Weekly Market Commentary, May 12, 2020
KEY POINTS FOR THE WEEK
- -The U.S. unemployment rate rose to 14.7 percent as the economic situation continued to decline amid efforts to slow the spread of the coronavirus.
- -Only half of the U.S. population is classified as employed.
- -The S&P 500 added 3.6 percent last week as investors continued to hold to an optimistic outlook.
The U.S. jobs report confirmed what was already known: millions of Americans are losing their jobs. The monthly payrolls report estimated a decline of 20.5 million jobs last month. The unemployment rate rose to 14.7 percent, which is estimated to be the highest since the Great Depression. A broad measure of employment estimates 51.3 percent of Americans have a job.
The crucial question is whether these job losses prove permanent or temporary. People laid off in April anticipate returning to their jobs in the near future. Seventy-eight percent believe their layoffs are temporary. If this generally proves true, the economy should bounce back more rapidly. Longer and more permanent layoffs would lead to a slower economic recovery.
Markets reflected ongoing optimism. The S&P 500 climbed 3.6 percent last week and is now down less than 10 percent for the year. Global stocks lagged as the MSCI ACWI climbed 2.5 percent. The Bloomberg BarCap Aggregate Bond Index dipped 0.3 percent on weakness in corporate bonds and longer-term Treasury bonds.
This week’s releases offer a number of interesting data points. Korea, which has been successful in controlling the coronavirus, reports employment data. China shares retail sales and industrial production data on Thursday followed by the United States releasing the same data points on Friday. Because China is further along in its fight against the coronavirus, its data will provide some insight into how quickly the global economy may bounce back.
S&P 500, Dow Jones Global ex-US, Gold, Bloomberg Commodity Index returns exclude reinvested dividends (gold does not pay a dividend) and the three-, five-, and 10-year returns are annualized; and the 10-year Treasury Note is simply the yield at the close of the day on each of the historical time periods. Sources: Yahoo! Finance, MarketWatch, djindexes.com, London Bullion Market Association. Past performance is no guarantee of future results. Indices are unmanaged and cannot be invested into directly. N/A means not applicable.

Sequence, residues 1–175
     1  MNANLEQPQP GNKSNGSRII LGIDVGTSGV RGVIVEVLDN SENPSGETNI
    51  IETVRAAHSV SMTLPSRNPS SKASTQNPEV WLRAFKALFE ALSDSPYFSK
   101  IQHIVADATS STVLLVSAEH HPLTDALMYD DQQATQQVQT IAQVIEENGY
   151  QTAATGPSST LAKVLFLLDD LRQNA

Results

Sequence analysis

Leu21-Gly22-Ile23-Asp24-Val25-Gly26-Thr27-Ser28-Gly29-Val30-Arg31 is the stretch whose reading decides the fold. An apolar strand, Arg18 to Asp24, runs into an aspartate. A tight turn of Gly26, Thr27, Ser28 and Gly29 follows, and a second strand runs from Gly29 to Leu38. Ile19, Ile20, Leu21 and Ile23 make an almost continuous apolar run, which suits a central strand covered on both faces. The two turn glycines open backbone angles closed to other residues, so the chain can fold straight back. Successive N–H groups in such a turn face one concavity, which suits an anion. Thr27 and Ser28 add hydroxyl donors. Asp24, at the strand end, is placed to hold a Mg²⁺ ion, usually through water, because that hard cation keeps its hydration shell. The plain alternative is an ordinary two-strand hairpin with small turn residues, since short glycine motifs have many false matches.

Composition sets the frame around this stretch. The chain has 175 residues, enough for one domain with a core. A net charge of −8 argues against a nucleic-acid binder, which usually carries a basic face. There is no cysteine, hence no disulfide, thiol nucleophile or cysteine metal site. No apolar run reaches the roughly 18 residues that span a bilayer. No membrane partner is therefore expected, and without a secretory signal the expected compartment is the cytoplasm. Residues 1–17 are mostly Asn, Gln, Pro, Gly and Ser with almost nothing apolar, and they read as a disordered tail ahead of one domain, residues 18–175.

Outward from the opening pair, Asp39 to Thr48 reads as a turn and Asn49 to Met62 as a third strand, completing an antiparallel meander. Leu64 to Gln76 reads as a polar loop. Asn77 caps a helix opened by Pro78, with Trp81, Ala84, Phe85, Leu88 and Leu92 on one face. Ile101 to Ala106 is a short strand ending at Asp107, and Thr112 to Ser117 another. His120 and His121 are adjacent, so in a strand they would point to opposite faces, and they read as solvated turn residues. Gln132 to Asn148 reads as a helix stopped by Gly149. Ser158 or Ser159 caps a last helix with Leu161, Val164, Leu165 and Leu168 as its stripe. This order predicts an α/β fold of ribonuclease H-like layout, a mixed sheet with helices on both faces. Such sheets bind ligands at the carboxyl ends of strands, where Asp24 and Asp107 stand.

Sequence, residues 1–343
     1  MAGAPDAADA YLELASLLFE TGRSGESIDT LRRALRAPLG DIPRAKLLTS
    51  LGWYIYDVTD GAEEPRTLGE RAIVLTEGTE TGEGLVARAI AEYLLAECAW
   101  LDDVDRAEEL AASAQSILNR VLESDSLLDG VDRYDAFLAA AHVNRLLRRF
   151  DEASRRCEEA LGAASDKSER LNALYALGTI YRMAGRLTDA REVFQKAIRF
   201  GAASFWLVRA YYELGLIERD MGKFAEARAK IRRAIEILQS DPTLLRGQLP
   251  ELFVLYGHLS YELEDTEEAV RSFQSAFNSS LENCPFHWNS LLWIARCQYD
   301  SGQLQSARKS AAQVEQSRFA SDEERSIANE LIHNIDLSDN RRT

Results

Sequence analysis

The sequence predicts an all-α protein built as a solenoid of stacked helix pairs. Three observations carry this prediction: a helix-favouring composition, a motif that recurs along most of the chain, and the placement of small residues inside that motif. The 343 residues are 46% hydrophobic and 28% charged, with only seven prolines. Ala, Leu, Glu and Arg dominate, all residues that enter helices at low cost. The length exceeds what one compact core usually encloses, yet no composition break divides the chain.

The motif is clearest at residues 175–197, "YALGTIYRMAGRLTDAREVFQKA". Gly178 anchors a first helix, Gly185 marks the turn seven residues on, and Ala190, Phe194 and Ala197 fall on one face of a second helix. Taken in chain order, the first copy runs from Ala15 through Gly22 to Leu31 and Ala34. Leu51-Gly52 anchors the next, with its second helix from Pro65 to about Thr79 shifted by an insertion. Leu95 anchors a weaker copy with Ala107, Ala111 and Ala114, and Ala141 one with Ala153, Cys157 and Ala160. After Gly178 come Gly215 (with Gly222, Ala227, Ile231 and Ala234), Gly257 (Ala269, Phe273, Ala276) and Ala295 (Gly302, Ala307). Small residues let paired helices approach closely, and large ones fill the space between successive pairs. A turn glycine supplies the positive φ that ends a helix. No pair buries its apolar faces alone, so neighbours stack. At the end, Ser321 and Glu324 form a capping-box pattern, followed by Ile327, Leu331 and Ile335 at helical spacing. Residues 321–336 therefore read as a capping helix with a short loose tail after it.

HOW QUICKLY THINGS CHANGE
April’s employment report speaks to how quickly a pandemic can change the course of economic activity. Two months ago, unemployment was at 3.5 percent, a 50-year low. It is now estimated to be at an 80-year high.
Non-farm payrolls dropped by 20.5 million. The numbers were widely expected as unemployment claims leading up to the week of the employment survey had set new records. The accompanying chart shows the magnitude of the job losses compared to the steady gains seen over the previous years. The sharp drop in the number of people employed flowed through to the unemployment rate, which rose more than 10 percent, from 4.4 percent to 14.7 percent.
The actual unemployment rate is probably higher than the reported data. The confusing part of the report is a large number of those interviewed indicated they were employed but absent from work rather than not working. The survey writers wanted people in that situation to say they had been temporarily laid off. Unemployment would be around 19.5 percent if these additional people were added in as unemployed. There were also 6.4 million people who left the labor force and weren’t looking for a job. That group isn’t counted as unemployed, throwing further confusion into the data.
The leisure and hospitality industry has been hit the hardest. More than 7 million jobs have been lost, which is 47 percent of total employment in the sector. The other services category saw a 21 percent decline. The closure of salons in most states and reduced demand for dry cleaning pressured these industries. Most other industries saw declines around 10 percent.